In any event, you won't be surprised to learn that Honeyford didn't appear to have given the substance of his legislation much thought. Sen. Lisa Wellman, who chairs the committee, pointed out that Honeyford's bill conflates communism as an economic system with communism as a political system, and noted that both capitalism and communism can and have existed under authoritarian regimes. Honeyford said he didn't know how Wellman could make the distinction between communism as a political regime or as an economic regime, and basically left it at that. Genius. What a great discussion.
Lucinda Young, a lobbyist for the teachers union, more or less argued that Honeyford's legislation was extreme, given the fact that Washington's learning standards rarely if ever dictate that students learn "one specific item with an equally specific learning outcome." The state already requires that students learn about ten major social structures, including monarchies, oligarchies, theocracies, communism, capitalism, totalitarianism, etc. The state also requires all high school students take a civics course "to ensure that students have basic knowledge about national, state, tribal, and local governments, and that they develop the skills and dispositions needed to become informed and engaged citizens."
A concerned citizen named Al Hernandez argued that the bill was "quite clearly an attempt to have red-scare indoctrination front-loaded into law," while another concerned citizen demonstrated his proficiency in that subject by highlighting the "breath-taking sacrifices our American forces have made" purportedly to stop the spread of communism.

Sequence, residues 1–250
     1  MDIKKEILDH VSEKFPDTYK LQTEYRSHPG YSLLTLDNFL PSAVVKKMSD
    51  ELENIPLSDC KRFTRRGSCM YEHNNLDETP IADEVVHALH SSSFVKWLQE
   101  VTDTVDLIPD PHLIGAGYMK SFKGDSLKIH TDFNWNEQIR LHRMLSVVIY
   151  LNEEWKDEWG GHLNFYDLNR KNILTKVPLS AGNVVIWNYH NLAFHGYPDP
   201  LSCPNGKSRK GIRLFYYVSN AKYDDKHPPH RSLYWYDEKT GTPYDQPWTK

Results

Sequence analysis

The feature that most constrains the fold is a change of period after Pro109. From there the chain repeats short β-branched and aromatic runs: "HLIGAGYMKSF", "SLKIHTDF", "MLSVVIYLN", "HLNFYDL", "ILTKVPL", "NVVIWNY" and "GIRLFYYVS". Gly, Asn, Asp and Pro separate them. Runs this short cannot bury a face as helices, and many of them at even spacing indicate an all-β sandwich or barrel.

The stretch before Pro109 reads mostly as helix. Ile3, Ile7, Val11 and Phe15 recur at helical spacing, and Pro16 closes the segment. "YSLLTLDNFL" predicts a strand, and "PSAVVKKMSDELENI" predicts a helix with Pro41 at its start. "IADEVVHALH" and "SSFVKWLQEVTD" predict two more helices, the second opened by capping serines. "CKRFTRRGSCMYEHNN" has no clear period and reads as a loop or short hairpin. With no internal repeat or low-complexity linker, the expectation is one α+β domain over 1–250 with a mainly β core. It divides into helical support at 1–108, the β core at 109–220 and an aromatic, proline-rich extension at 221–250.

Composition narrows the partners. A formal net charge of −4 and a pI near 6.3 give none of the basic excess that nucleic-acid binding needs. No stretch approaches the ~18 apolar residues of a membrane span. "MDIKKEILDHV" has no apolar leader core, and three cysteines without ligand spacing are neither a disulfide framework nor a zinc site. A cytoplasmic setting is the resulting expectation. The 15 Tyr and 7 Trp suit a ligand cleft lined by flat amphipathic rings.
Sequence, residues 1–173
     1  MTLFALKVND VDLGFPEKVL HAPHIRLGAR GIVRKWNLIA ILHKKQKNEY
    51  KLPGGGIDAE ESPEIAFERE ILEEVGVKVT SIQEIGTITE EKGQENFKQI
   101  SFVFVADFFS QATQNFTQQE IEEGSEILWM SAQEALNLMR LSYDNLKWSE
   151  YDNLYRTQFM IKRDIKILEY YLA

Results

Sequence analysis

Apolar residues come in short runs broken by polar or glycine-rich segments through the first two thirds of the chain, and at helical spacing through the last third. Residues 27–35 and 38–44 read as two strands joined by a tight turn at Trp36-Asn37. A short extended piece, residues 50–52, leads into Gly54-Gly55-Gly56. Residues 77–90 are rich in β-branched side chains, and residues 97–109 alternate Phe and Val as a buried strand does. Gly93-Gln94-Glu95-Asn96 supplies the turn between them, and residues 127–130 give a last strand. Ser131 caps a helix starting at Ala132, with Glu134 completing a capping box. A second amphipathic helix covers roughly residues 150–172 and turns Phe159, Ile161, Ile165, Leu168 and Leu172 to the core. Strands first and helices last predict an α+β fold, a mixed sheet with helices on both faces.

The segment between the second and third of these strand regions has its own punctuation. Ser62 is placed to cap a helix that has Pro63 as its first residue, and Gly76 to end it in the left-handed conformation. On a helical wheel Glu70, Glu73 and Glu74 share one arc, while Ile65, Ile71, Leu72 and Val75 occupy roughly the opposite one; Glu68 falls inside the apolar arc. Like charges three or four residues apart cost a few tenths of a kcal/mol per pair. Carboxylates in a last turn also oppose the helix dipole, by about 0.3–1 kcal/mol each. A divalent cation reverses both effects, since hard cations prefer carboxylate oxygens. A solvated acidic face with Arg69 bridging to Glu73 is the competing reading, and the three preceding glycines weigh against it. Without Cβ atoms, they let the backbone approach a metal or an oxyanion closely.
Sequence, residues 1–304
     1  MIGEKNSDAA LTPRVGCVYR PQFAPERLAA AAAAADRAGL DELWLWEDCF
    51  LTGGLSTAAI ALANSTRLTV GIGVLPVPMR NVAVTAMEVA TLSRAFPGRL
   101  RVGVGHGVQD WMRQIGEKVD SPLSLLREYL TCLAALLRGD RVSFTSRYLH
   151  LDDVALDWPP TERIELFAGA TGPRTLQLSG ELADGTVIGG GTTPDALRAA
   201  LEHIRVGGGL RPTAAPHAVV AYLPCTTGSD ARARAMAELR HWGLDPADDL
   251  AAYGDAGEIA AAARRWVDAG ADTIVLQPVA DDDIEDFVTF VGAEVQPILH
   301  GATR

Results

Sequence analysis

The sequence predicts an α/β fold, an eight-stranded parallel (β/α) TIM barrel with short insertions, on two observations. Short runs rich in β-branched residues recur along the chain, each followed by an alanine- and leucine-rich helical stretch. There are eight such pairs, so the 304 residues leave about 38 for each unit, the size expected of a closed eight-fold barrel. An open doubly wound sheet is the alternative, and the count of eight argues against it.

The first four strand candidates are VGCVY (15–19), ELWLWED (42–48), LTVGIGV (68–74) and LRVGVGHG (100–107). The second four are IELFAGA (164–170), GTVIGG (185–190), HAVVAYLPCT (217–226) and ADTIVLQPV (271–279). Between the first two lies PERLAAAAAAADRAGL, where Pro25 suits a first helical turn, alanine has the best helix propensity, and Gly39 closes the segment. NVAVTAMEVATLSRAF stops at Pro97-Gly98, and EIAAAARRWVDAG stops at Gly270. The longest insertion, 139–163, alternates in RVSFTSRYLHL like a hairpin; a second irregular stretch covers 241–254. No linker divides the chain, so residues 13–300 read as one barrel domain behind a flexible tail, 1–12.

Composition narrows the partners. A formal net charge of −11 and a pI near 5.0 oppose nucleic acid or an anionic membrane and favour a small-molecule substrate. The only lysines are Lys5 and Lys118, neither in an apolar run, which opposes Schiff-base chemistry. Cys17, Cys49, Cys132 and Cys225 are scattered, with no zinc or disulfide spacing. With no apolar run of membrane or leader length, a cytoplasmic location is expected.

Kendrick Washington with the ACLU argued that teachers who teach the number of people killed under communist regimes might also focus on the number of people killed during slavery under capitalist systems, during American imperialism, as a result of drone strikes, and in other wars. He further and rightly dismissed the bill as an attempt to waste valuable time by trying to stir up McCarthy-era fear about a danger "that is not on our doorstep."
"Right now, Americans are upset about America and how we got here," he added, noting the insurrection attempt from self-described patriots that kicked off the year.
Lest Honeyford look like the only dummy in the room, Republican State Senator Perry Dozier expressed his surprise that people would take issue with this anti-communist bill and not a bill that would require students to learn about local Native American history, as there were no difference between trying to turn communism into a boogeyman again and telling kids about the history of a people who have lived here since time immemorial and who have survived genocide.
In any event, this bill will likely go nowhere, but it's worth highlighting Washington's point. Sen. Wellman should never have wasted time holding a hearing on this proposal in the first place. In committee she justified shining a light on the bill because she "lives in a bubble" and thinks "there are a lot of opinions out there that need to be revealed." She also wanted the supporters of this to "show themselves." Translation: she wanted them to show their ass. Which they did! And maybe Honeyford traded a hearing on this bill in exchange for a promise not to slow down some other piece of legislation, but we'll never know because Wellman didn't get back to her comms person before press time.
But right now the Legislature faces the biggest challenges it has ever faced, and the constraints of the remote session drastically reduces its ability to adequately meet those challenges. We don't have time to entertain these dorm room convos designed only to prevent the majority from implementing the agenda the voters put them into office to implement.